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I have the following code in one of my methods:

foreach (var s in vars)
{
    foreach (var type in statusList)
    {
        if (type.Id == s)
        {
            Add(new NameValuePair(type.Id, type.Text));
            break;
        }
    }
}

This seems sort of ineffective to me, and I was wondering if there was a way to substitute at least one of the foreaches wih a LINQ query. Any suggestions?

EDIT: vars is an array of strings and the Add method adds an item to a CSLA NameValueList.

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6 Answers 6

up vote 6 down vote accepted

EDIT: I hadn't noticed the break; before

If there could be more than one type with the relevant ID, then you need to use FirstOrDefault as per Keith's answer or my second code sample below.

EDIT: Removing "multi-from" version as it's unnecessarily inefficient assuming equality/hashcode works for whatever the type of type.Id is.

A join is probably more appropriate though:

var query = from s in vars
            join type in statusList on s equals type.Id
            select new NameValuePair(type.Id, type.Text);

foreach (var pair in query)
{
    Add(pair);
}

You might want to make an AddRange method which takes an IEnumerable<NameValuePair> at which point you could just call AddRange(query).

Alternatively, you can use a LookUp. This version makes sure it only adds one type per "s".

var lookup = types.ToLookup(type => type.Id);
foreach (var s in vars)
{
    var types = lookup[s];
    if (types != null)
    {
        var type = types.First(); // Guaranteed to be at least one entry
        Add(new NameValuePair(type.Id, type.Text));
    }
}

The benefit of this is that it only goes through the list of types once to build up a dictionary, basically.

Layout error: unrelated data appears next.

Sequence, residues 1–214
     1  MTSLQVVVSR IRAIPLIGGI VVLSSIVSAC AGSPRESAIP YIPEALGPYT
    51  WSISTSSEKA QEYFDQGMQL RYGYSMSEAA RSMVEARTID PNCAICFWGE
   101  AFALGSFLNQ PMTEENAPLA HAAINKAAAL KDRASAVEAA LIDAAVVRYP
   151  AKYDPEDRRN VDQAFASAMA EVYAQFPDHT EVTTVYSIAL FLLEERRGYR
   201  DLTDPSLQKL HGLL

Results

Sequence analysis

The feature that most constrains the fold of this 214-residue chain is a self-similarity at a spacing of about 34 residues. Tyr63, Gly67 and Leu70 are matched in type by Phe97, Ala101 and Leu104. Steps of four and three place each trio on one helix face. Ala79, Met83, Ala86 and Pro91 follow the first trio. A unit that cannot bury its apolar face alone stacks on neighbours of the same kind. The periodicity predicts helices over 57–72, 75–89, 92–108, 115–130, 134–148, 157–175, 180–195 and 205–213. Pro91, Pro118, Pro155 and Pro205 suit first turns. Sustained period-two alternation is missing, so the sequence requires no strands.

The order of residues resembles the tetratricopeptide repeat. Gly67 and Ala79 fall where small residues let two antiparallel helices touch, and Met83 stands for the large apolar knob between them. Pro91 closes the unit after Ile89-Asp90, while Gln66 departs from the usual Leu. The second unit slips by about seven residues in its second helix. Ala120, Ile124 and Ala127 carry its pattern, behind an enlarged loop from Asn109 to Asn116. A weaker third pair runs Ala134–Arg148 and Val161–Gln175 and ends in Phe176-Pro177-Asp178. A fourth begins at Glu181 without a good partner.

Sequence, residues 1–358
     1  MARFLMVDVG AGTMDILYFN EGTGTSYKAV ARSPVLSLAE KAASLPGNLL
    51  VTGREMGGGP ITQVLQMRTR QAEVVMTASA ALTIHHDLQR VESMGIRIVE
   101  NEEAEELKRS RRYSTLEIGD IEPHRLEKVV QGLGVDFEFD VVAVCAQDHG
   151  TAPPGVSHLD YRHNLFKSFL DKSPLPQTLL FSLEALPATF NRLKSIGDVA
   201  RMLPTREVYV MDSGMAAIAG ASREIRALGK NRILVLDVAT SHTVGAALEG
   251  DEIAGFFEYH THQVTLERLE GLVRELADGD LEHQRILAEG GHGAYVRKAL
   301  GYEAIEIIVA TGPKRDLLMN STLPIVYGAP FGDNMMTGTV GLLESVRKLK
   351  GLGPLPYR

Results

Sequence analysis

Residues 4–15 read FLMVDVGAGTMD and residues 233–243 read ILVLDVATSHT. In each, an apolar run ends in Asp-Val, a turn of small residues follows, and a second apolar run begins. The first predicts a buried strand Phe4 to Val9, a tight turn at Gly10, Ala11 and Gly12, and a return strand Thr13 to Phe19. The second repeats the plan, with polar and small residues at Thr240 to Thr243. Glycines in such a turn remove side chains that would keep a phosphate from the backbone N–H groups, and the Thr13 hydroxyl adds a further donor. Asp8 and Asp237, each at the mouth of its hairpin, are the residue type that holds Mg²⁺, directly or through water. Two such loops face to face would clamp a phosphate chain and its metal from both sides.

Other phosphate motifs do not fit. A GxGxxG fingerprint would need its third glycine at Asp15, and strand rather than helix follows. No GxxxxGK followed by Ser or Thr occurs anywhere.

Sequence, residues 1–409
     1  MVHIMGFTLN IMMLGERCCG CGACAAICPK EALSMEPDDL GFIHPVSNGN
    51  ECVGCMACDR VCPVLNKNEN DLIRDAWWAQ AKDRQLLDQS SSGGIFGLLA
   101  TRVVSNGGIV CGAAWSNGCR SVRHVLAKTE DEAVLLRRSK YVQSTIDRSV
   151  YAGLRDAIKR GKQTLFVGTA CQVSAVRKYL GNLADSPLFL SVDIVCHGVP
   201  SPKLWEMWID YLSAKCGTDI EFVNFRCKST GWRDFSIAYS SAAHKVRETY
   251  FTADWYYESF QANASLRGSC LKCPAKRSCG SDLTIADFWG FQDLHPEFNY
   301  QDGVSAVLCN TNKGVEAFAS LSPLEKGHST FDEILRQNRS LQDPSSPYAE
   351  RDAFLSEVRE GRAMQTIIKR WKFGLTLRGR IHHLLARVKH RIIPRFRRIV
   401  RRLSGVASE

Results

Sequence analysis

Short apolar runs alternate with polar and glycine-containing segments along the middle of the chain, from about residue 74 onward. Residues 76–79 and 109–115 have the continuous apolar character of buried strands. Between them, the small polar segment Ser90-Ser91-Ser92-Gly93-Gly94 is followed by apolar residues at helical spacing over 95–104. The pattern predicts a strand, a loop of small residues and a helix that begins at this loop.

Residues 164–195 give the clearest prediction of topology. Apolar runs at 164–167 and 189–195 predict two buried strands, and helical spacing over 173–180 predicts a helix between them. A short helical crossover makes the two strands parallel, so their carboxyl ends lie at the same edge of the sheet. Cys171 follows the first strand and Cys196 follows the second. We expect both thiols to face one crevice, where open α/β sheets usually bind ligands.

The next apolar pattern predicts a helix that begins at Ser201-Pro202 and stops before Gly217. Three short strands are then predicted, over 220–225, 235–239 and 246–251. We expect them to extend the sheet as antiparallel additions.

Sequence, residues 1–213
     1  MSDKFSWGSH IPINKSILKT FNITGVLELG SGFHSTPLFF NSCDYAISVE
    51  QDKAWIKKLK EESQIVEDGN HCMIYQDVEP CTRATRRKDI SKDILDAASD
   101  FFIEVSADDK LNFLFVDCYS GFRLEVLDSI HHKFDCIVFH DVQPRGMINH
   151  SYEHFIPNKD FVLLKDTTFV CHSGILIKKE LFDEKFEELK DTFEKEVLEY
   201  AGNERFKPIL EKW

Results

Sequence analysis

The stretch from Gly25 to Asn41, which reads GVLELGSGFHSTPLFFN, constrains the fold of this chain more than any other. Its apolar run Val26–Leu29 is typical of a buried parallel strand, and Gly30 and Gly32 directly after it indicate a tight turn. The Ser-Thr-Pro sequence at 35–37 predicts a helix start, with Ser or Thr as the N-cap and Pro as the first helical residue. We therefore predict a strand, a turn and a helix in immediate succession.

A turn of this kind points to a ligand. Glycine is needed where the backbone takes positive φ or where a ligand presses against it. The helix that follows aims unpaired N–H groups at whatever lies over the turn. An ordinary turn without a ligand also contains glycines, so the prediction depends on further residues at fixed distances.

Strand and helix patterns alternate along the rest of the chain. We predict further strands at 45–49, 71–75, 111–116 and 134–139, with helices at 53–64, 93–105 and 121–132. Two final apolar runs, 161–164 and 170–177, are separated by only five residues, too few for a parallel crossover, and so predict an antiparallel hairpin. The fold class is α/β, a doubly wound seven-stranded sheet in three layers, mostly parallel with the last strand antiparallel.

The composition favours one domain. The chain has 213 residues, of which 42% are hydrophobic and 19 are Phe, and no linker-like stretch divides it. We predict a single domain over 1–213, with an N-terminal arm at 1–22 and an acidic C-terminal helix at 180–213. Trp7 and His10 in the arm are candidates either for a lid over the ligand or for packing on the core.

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The break implies only the first match where 'type.Id = s', your solution matches all cases in the inner enumerable. –  leppie Feb 26 '09 at 9:32
    
Hence the sentence starting with "if there could be..." :) –  Jon Skeet Feb 26 '09 at 9:38
    
Yeah, I shoulda scrolled down too before posting the same answer :) Lesson for today: read more carefully. –  leppie Feb 26 '09 at 9:52

Basically:

var types =
    from s in vars
    let type = (
        from tp in statusList
        where tp.Id == s ).FirstOrDefault()
    where type != null
    select new NameValuePair(type.Id, type.Text)
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1  
+1 for noticing that it would only add one type per "s" :) –  Jon Skeet Feb 26 '09 at 9:25

If your Add method is constructing a list, you might also try:

IEnumarable<NamedValuePair> result = statusList.Where(type => type.Id == s).Select(new NameValuePair(type => type.Id, type.Text));
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Something like this:

foreach(var s in vars) {
    var type = statusList.FirstOrDefault(t => t.Id == s);
    if (type != null)
        Add(new NameValuePair(type.Id, type.Text));
}

Or if vars supports ForEach method, this would work too (however I recommend against overLINQifying):

vars.ForEach(s => {
    var type = statusList.FirstOrDefault(t => t.Id == s);
    if (type != null)
       Add(new NameValuePair(type.Id, type.Text));
});

I assumed type is an instance of a reference type.

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beat me too it :-) –  Dead account Feb 26 '09 at 9:16
    
I can't see how that would compile - your use of "type" on the third line won't work, because the variable isn't declared anywhere. The lambda expression in the "Any" call doesn't persist. –  Jon Skeet Feb 26 '09 at 9:28
    
Jon, Thanks for noticing! I'm still wondering how I made that idiotic mistake. –  Mehrdad Afshari Feb 26 '09 at 9:43

Bart de Smet has an implementation of an extension ForEach for IEnumerable.

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I don't see an answer with a group join, so here's one:

var result = vars
  .GroupJoin
  (
    statusList,
    s => s,
    type => type.Id,
    (s, g) => g.Any() ? g.First() : null
  )
  .Where(type => type != null)
  .Select(type => new NameValuePair(type.Id, type.Text));
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